Drake Bay, or Bahía Drake

Drake Bay, named after Sir Francis Drake, who visited there long ago, is on the Pacific coast just past the mouth of the Sierpe River. On arrival, our small taxi boat turned to face the sea about 50 meters off the beach and the captain cut the engines. A short distance down the beach, another taxi boat was doing the same and two men disembarked in neck-deep water, one carrying a small backpack above his head. We were concerned. We had luggage.

After a few perplexed moments, however, the captain slowly backed towards the beach while a couple people held the boat against the waves in knee-deep water and we were able to disembark without incident. Although there is a road, Bahía Drake is inaccessible by land during the rainy season (thoughtfully referred to as the “green season”). Thankfully, the local technique for getting on and off boats works quite well.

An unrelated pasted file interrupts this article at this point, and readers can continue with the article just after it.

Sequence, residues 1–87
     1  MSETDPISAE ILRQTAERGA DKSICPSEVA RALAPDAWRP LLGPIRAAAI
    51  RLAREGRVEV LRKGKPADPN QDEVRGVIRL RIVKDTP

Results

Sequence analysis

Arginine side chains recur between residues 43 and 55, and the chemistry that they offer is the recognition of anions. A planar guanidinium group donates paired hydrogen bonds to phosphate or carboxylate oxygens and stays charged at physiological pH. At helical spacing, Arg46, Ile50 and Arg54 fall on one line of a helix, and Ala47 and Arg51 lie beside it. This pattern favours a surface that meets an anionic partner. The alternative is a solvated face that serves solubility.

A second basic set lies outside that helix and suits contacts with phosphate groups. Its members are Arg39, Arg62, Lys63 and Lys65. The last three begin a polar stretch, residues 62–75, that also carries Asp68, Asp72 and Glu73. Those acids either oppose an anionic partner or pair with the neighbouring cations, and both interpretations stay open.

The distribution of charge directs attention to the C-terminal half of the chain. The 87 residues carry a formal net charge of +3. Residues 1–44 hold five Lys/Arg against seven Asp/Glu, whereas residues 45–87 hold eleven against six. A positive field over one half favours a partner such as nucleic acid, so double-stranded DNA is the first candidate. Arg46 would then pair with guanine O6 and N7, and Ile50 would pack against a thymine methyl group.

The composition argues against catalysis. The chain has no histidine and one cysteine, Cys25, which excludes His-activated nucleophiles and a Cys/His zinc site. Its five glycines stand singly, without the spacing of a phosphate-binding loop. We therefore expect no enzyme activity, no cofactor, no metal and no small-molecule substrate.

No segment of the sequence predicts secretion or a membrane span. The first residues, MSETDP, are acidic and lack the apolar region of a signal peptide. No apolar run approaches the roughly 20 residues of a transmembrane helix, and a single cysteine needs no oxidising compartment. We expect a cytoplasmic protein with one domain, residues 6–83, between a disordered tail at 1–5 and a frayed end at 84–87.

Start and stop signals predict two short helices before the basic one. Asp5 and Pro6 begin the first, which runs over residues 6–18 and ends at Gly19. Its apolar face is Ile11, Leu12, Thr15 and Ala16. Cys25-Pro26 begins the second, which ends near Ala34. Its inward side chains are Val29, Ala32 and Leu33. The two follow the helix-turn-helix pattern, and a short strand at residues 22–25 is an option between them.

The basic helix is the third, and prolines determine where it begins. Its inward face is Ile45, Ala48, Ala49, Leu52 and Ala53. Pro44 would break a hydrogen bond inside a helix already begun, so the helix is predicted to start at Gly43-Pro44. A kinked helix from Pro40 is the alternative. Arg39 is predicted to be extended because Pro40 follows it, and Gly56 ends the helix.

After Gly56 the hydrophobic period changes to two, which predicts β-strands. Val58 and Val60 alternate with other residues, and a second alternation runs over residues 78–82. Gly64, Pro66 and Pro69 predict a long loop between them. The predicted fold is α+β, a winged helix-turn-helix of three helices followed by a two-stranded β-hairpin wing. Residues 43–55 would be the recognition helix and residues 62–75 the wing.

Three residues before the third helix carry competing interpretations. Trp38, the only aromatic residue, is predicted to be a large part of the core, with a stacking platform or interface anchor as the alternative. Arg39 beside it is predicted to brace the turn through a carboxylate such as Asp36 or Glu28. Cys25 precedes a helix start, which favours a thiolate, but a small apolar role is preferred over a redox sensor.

Drake Bay is a wonderful place, remote and full of interesting life. For the next few days we would use it as our base as we explored Isla del Caño and Corcovado park as well as the forests of Drake Bay itself. Our base camp, the lovely Jinetes de Osa, was terrific. Also, we discovered that if you stop by the bar area for a beer in the afternoon they make nachos for you.

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